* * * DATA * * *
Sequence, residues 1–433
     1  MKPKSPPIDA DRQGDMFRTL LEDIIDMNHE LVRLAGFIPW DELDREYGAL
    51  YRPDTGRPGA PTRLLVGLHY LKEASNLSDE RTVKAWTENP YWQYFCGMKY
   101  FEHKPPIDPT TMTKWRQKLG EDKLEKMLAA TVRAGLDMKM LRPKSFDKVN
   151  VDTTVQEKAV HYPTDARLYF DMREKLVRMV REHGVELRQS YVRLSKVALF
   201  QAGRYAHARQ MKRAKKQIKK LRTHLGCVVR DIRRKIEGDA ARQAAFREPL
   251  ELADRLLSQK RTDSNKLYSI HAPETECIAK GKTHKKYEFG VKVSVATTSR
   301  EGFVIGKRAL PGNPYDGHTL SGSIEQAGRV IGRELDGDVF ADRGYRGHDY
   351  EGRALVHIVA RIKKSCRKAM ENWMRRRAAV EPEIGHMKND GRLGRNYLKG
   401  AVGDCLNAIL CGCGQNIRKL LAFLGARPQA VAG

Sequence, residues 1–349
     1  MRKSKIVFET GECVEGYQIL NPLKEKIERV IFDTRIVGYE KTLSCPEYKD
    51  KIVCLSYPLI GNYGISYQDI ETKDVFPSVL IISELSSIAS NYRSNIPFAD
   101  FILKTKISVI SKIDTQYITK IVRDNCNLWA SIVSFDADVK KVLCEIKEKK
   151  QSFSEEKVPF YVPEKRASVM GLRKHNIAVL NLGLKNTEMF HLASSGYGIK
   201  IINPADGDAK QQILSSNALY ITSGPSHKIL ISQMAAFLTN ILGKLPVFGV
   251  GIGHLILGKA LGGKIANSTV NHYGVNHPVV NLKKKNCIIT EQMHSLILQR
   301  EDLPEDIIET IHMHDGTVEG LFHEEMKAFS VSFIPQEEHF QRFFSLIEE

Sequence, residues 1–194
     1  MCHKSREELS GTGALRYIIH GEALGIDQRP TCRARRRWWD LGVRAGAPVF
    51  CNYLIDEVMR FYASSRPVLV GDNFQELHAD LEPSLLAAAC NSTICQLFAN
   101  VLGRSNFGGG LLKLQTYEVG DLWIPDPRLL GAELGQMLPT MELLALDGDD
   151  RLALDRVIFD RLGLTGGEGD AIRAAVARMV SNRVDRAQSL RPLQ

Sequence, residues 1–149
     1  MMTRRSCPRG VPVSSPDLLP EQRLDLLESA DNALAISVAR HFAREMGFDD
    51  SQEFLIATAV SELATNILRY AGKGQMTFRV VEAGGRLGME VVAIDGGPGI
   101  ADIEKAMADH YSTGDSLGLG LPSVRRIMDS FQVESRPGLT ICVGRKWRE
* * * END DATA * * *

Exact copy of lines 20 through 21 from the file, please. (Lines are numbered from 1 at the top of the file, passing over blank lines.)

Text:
     1  MCHKSREELS GTGALRYIIH GEALGIDQRP TCRARRRWWD LGVRAGAPVF
    51  CNYLIDEVMR FYASSRPVLV GDNFQELHAD LEPSLLAAAC NSTICQLFAN